Debbie Geller Talks Making Guest Experiences Original and Thoughtful

Debbie Geller, the founder of Geller Events, has been in the business of event production for twenty-four years. From social events to corporate gatherings, Debbie has used her expertise to take live experiences to the next level.

Based out of Los Angeles, a hub for extravagant events, Debbie and her team strive to produce impressions that deliver a sense of thought and care towards guests. When asked about her views on first impressions, Debbie replied, “ If a guest has seen it before, it’s not going to achieve that memorable first impression.”

During the photoshoot for our First Impressions art project in New York this summer, we sat down with Debbie to dive deeper into her thoughts about delivering a memorable first impression and the importance of incorporating special moments.

Take guests out of their comfort zones

Debbie believes throwing out familiarity is the key to producing a first impression that keeps guests engaged for the duration of an event. “For us, first impressions mean that guests see or experience something they never have before,” she says, “and it takes them out of their comfort zone a little bit.”

And take people out of their comfort zones she does. Debbie recalls a birthday party produced by her and her team a couple of years ago, “We did a cell phone check on the way in,” she explains. “Everybody was resistant, but I can’t tell you the number of people who walked out at the end of the night saying ‘I haven’t had this much fun in years because I was paying attention!’”

When you walk in and it’s not at all the norm, that’s how you achieve a good first impression.

A daring first impression, even if it’s a detail like collecting cell phones, leaves guests anticipating more to come. “First impressions need to be bold enough to let them know that there are going to be more impressions,” adds Debbie.

For example, Geller Events produced an event centered around transporting attendees to the Caribbean. The first tent guests entered smelled like piña coladas – creating a context for Caribbean-based impressions to come, and setting the right expectation for guests from the first moments through the door.

This series of impressions should be methodically laid out, and Debbie says, they should all begin with one big wow moment, like the piña colada tent. According to her, “When you walk in and it’s not at all the norm, that’s how you achieve a good first impression.”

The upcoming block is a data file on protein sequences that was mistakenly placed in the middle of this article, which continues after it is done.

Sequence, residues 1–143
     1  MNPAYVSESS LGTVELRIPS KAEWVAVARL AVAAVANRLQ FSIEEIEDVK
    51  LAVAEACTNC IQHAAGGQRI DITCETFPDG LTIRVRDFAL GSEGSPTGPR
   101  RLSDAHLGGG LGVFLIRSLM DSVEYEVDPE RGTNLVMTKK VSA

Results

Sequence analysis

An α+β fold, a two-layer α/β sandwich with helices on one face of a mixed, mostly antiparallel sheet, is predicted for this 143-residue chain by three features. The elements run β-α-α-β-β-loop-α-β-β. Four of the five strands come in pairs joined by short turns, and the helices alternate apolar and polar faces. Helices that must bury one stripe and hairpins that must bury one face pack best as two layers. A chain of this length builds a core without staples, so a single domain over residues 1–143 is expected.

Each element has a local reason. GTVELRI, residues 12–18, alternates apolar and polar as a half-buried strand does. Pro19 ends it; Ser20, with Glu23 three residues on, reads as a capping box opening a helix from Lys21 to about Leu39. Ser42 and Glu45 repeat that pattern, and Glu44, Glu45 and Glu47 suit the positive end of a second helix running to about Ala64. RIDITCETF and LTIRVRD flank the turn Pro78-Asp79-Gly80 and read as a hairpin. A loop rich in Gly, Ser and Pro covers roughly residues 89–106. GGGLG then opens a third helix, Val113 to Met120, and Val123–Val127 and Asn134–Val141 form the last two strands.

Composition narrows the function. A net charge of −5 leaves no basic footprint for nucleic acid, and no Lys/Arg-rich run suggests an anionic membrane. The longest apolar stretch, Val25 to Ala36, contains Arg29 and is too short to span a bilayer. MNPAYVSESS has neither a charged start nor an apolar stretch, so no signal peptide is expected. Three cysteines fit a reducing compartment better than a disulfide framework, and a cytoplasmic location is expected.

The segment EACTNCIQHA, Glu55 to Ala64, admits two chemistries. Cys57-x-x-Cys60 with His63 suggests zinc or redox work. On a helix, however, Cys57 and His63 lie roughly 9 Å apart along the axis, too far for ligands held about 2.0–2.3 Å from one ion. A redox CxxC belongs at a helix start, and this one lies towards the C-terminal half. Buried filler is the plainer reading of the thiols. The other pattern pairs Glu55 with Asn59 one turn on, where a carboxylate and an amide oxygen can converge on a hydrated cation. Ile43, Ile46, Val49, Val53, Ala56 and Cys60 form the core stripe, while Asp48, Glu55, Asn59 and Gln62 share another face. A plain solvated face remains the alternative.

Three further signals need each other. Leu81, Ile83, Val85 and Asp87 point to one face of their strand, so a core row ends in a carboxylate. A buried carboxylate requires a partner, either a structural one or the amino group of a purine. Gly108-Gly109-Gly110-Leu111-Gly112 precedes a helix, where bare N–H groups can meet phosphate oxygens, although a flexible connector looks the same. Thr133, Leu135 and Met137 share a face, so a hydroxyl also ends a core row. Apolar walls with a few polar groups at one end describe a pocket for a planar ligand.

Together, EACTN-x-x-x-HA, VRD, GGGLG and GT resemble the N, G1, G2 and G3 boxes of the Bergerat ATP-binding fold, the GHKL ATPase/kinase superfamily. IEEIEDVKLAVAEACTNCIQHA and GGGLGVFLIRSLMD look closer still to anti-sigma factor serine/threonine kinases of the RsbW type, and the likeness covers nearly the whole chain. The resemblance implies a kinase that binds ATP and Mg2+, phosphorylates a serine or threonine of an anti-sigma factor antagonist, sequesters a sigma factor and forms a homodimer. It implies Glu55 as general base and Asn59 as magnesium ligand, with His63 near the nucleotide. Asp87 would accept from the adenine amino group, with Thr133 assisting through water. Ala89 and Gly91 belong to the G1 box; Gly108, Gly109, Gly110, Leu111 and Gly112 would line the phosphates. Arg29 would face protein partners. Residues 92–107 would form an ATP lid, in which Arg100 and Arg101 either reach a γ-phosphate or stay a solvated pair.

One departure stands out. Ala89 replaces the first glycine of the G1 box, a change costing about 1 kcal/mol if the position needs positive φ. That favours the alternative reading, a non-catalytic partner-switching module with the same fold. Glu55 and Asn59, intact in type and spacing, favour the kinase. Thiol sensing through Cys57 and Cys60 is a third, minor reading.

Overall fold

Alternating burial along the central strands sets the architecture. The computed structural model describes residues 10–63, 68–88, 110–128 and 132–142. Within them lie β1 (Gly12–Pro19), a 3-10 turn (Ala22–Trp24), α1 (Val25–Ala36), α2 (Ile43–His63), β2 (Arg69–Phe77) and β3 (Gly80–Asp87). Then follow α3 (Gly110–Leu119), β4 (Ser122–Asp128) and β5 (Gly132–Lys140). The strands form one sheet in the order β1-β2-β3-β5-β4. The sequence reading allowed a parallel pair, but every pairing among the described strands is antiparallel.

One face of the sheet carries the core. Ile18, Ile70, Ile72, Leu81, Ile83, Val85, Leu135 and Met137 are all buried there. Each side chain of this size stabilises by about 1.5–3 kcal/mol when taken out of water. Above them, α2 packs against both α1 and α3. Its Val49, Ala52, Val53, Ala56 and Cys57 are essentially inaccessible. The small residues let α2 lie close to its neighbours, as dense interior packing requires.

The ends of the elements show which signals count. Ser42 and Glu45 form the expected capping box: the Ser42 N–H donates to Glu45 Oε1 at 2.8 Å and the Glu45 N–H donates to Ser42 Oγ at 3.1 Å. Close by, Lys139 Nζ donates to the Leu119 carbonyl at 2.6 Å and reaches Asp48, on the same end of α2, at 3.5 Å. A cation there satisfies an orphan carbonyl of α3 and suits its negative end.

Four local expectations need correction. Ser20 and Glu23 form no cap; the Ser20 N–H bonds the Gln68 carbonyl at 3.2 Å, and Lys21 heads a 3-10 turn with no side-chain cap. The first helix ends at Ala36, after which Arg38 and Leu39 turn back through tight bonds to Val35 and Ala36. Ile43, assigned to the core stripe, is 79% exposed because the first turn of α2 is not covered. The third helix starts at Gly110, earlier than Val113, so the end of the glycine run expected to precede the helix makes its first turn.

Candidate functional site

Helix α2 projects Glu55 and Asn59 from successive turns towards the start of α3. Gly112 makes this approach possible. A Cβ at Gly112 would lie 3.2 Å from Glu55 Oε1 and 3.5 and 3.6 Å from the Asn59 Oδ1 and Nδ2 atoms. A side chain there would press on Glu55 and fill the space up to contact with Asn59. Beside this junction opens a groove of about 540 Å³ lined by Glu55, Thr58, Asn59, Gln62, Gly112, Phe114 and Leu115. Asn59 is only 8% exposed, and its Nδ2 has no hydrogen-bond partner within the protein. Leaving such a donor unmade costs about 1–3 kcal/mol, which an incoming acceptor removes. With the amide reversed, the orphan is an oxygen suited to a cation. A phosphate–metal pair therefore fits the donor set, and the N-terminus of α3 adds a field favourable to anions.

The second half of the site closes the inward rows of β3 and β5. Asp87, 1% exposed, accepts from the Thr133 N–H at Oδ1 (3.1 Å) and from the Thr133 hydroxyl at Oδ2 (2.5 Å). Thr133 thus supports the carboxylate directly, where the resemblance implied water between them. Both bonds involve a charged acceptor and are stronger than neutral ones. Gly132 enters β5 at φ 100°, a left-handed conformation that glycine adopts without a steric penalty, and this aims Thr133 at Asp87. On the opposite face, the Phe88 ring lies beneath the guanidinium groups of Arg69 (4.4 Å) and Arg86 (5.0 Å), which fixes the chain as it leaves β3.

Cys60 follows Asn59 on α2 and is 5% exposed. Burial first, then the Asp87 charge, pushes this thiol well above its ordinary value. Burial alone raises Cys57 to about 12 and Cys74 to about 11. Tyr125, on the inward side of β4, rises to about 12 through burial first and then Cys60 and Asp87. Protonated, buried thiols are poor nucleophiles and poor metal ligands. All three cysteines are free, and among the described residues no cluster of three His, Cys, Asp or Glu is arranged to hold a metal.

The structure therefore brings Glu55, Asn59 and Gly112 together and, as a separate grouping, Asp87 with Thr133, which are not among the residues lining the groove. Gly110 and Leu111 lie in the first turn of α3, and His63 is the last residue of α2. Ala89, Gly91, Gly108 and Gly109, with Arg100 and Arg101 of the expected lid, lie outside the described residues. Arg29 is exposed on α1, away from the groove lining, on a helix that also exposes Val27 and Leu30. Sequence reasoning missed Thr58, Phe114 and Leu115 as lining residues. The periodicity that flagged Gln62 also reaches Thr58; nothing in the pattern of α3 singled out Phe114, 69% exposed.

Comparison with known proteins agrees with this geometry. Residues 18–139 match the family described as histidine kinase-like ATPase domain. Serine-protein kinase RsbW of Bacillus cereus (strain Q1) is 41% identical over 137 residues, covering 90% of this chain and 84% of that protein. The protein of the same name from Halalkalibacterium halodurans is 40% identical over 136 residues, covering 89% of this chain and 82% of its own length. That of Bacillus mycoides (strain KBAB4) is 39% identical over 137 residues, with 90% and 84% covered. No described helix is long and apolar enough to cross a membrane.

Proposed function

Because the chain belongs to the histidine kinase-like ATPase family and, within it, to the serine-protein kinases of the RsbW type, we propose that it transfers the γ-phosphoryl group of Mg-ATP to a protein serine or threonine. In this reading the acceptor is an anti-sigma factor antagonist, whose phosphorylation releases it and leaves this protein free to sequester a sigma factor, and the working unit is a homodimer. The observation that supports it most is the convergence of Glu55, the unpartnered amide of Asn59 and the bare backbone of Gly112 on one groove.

Do something different if you want to outdo

Impressions don’t end at the first big wow moment according to Debbie. Other impressions that happen throughout the night, while usually smaller to scale, are just as important. From a surprise course in the food to lighting changes, these moments continue to keep guests engaged.

In my mind, outdoing something doesn’t mean that it’s just more flowers or more caviar. It means you’re doing something different.

Debbie attributes her ability to continue outdoing previous events by implementing these smaller moments that are different and thought-provoking. “In my mind, out doing something doesn’t mean that it’s just more flowers or more caviar. It means you’re doing something different,” she says. “You’re not giving them the same event over and over again.”

She recalls an event she did years ago in which guests were able to enjoy a room filled with enormous amounts of candy. When the event was over and everyone returned to their cars, they were greeted with a toothbrush on the windshield of their car.

It’s playful moments like these that help an event stand out and tell a story that builds on itself. As an event producer, doing that reliably creates a chain of events that never mirror the previous one. These are the gestures and impressions that show thoughtfulness towards the guests. “When people know there was thought put into the five senses, that’s meaningful, and it’s not just a room filled with more roses than you can ever deal with.”

Make the guests feel as important as the host

As a veteran event planner for others, Debbie knows the importance of making the host feel special. However, she says the success of an event is measured by the amount of thought put into making the guests feel just as important.

“I think people want that warm feeling that stems from hosts being as concerned about their guests having a good time as they are about themselves. That comes form being courteous about guests and thoughtful of their needs.”

Thoughtful moments make a guest think ‘I’m here because I’m actually important to you.’

Creating a special menu item for a gluten-free attendee or leaving guests with a special gift that makes them smile or laugh shows they are just as appreciated at the event as every other person in the room. Debbie says “Thoughtful moments make a guest think ‘I’m here because I’m actually important to you.’ And if you can get that feeling, that’s great.”

By making guests feel comfortable and important, Debbie says they’re more prone to opening up and enjoying themselves – and that’s the focal point for any event. “When you get to the root of it, our job is to create the best environment for people to open up.”

Want to hear more from Debbie? Listen to the full podcast with her we recorded in collaboration with GatherGeeks, and check out the rest of the First Impressions project.